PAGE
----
As the weather warms up again, we may start to water. Depending on the temperatures we may start to water in late April or May; certainly by June we are watering. Usually weekly is best for citrus. They like to be deeply watered and not shallow watered. We also like to have our citrus in their own area (specified plots), with a nice thick layer of mulch. We don't like to see citrus planted in lawns with a narrow little clear area around the trunk. They're susceptible to lawnmower damage and weed trimmer damage. And the water doesn't penetrate down through the lawn very well. We like to have a big clear area around the drip line, if you're going to plant citrus at home. Finally, there are certain nutrients that can contribute to curling of the leaves and yellowing of the leaves like manganese, magnesium, and potassium. You can find publications that will show deficiencies, and you can puzzle out what your particular soil might be deficient in and gently replace some of that. Or you can bring pictures of your tree and even samples in to see us at an open garden out here at the Fair Oaks horticultural center. And we can look at pictures with you and look at what you brought in and maybe figure out if there's a deficiency. Finally, what Farmer Fred said about the trees, some being a bit yellower than others, a lighter green yellow, is also true. It's a variety thing.

That question about the yellow leaves from the get go, man, that makes me worry that the plant that came from the nursery or wherever, might just not have been the healthiest specimen. So that anything that you have done is not going to fix it. And I wonder if you should consider starting with a new plant.


Farmer Fred  5:18

There's a lot of things we can consider in this. But let's talk about what you're doing right with citrus out here at the Fair Oaks Horticulture Center. First of all, it's on a slope. So water is not going to puddle beneath these trees, it's going to keep flowing. So you do have good drainage. There’s good spacing for each of these trees. It looks like they're planted about eight feet apart or so. And they're kept trimmed so that none of these trees are over more than seven feet tall, and about seven feet wide. So there's room to walk between each of these trees. It really is a very pretty row of citrus trees. The layer of mulch beneath the trees is an excellent idea that helps preserve soil moisture, and it feeds the soil, too, as it breaks down. And I really like your watering system here on your citrus trees. You're using micro sprayers, and it looks like you have three or four surrounding each tree, and the the sprayers themselves are positioned about halfway between the trunk and the outer canopy of the citrus trees. Are these 90 degree sprayers that are spraying outwards when they're on?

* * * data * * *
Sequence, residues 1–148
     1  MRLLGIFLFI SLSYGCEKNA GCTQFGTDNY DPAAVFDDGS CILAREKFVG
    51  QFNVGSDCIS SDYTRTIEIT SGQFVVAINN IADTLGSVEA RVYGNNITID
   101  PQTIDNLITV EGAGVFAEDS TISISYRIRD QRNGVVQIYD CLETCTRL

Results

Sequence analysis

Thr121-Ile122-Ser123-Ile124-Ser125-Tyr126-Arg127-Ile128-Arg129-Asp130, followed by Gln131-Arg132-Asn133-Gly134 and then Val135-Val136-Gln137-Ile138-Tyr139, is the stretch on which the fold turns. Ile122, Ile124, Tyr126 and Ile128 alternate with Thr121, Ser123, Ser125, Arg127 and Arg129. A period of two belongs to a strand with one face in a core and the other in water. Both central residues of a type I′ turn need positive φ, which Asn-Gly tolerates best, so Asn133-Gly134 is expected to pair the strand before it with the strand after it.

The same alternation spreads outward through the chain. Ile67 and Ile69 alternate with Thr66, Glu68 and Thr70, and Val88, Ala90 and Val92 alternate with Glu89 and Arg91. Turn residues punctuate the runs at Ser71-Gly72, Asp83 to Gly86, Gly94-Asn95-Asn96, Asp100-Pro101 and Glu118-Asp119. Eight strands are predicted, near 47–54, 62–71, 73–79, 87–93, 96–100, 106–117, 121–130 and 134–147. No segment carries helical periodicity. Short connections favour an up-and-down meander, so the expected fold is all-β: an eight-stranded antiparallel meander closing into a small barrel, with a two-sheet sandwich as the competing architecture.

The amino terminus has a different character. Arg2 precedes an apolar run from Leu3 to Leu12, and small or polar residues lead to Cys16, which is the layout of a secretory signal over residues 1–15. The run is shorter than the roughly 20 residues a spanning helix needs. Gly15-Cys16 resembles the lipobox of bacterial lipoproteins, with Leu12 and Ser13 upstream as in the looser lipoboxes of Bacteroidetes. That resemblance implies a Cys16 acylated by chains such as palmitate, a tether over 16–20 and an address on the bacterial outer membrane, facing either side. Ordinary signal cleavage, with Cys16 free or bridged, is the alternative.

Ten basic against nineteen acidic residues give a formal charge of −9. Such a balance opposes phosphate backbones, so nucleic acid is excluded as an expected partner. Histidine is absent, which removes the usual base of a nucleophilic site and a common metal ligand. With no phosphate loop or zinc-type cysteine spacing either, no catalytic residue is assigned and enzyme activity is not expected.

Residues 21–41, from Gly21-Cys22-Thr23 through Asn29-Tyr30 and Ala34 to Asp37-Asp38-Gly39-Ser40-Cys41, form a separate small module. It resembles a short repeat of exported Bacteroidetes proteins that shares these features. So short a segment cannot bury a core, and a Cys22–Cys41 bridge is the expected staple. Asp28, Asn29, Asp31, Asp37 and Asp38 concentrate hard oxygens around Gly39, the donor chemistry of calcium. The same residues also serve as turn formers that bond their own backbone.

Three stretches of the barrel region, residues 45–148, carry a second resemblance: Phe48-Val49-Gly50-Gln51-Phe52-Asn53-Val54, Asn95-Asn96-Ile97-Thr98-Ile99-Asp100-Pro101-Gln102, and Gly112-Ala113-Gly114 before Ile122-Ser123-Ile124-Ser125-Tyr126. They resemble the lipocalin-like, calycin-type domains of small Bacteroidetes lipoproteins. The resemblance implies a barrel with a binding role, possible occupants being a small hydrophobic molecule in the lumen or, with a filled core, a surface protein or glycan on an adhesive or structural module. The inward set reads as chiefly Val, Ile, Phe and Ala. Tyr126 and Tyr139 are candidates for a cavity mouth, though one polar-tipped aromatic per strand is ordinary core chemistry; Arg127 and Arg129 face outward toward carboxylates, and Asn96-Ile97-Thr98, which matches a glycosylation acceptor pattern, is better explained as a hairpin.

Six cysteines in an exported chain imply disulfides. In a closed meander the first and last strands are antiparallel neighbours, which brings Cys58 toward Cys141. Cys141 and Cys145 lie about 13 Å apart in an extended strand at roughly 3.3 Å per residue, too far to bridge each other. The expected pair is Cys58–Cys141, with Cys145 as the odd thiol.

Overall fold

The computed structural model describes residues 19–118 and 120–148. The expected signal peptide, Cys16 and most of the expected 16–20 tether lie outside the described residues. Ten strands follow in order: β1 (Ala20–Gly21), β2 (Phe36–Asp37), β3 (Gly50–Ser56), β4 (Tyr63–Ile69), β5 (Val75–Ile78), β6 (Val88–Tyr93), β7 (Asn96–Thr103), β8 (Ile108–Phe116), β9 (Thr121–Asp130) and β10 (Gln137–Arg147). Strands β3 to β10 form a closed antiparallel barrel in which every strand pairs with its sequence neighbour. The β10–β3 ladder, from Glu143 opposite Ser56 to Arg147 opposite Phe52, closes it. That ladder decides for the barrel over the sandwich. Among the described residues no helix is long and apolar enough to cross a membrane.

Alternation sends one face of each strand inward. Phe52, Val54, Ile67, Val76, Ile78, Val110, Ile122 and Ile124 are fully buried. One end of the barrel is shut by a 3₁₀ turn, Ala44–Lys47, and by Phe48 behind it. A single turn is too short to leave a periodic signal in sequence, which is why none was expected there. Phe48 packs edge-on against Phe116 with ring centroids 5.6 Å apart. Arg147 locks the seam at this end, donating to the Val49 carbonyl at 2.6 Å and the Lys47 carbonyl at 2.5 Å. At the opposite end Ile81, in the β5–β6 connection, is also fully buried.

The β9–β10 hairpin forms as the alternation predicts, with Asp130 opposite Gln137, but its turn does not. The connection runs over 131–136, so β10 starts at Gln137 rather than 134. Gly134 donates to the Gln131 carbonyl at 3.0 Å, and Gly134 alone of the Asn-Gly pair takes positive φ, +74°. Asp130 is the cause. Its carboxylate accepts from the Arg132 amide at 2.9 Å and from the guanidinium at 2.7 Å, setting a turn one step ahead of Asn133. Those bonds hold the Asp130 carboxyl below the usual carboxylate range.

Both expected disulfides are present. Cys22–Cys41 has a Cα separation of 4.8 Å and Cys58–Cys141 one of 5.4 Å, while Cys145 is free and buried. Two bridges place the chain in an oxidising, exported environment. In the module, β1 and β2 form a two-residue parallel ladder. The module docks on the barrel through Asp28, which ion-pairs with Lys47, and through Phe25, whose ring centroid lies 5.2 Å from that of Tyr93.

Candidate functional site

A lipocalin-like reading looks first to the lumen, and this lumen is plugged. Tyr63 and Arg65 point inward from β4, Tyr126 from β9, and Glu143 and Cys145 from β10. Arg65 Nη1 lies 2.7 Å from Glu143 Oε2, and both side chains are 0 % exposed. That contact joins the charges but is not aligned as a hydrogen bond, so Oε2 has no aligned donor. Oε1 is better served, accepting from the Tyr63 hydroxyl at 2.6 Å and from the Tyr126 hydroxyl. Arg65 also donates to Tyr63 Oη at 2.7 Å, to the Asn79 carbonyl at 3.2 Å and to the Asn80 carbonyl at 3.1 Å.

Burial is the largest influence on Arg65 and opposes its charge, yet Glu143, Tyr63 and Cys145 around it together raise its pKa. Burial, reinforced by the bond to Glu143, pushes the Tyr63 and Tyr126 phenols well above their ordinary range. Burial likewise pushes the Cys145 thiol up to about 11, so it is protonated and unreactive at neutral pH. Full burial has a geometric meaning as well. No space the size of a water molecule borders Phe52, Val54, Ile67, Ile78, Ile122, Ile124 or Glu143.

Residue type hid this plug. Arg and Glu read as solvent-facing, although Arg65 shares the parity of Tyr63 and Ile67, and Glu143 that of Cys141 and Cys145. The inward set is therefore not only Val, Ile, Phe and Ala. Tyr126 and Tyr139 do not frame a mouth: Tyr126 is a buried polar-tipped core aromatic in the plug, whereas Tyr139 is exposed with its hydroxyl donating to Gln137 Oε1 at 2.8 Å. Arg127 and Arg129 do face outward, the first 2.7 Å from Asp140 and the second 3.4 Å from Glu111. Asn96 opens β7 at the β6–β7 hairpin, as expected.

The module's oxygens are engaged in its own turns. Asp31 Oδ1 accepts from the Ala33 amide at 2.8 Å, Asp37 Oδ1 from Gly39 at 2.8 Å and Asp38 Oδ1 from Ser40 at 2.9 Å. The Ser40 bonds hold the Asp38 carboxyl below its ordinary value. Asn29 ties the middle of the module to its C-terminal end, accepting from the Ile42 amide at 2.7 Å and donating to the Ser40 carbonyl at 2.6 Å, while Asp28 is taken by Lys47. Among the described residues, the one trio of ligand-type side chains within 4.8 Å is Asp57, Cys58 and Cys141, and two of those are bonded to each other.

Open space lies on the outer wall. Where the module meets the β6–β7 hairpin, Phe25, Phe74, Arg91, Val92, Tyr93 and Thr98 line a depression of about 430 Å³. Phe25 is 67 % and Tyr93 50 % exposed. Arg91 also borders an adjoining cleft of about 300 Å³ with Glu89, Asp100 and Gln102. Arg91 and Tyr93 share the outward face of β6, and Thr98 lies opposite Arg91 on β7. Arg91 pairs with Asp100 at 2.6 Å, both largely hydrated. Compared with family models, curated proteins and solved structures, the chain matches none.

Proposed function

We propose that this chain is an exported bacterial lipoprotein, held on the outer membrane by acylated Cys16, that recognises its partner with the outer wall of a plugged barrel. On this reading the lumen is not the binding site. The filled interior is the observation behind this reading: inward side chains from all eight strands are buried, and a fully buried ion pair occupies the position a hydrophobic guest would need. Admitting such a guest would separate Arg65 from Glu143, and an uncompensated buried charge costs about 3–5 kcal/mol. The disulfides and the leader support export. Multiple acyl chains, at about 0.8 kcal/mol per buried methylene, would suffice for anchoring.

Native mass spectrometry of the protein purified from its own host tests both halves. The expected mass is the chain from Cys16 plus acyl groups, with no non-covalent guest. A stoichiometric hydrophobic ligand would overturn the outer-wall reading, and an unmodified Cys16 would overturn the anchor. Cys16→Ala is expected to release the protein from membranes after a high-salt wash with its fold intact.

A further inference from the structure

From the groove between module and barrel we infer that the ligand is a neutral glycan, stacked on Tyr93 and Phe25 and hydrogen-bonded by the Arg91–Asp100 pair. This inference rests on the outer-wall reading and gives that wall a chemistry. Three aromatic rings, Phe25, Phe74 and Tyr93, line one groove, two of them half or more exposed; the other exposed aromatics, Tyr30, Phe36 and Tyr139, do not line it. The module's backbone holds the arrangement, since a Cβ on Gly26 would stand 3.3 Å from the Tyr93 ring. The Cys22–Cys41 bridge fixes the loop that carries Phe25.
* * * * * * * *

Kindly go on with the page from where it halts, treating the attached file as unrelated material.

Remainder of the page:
JaNahn Scalapino  6:18

I believe that they are quarter sprayers. And we have typically three to five around the trees, the larger trees having more, of course.


Farmer Fred  6:28

By the way, if you don't live in the area, and you can't make it out to the Fair Oaks Horticulture Center, I have links in today's show notes on the citrus micronutrient deficiencies and how to combat them. Because yeah, micronutrients and a shortage of those can also play a part in Citrus success. He mentioned using bat guano. And that is an organic fertilizer, but it is also very high in nitrogen. I think it's like 10%, which for a nitrogen fertilizer  is probably more than you would want to feed a citrus tree. You mentioned that you start feeding your citrus trees in March. And I imagine following the label directions of whatever fertilizer you're using. How many times through the season will you fertilize these citrus trees?


JaNahn Scalapino  7:13

The mature trees that are nicely green, they'll be fertilized just the once. The trees that look a little puny or, and any new tree, will get fertilized typically every three months.


Farmer Fred  7:30

I want to stress one point you did make about fertilizing citrus trees with yellow leaves in the dead of winter:  it's not going to do much good, because the soil is too cold. And the microorganisms in the soil can't really help you move that fertilizer into the tree via the root area because the roots are basically resting. So nitrogen is going to disappear from the soil quickly. So you're just wasting fertilizer. Or,  you're going to overfeed the plants. And when they do wake up, you're going to end up with all sorts of weak new leaf growth that could either be susceptible to a late frost or to an invasion from aphids or whiteflies.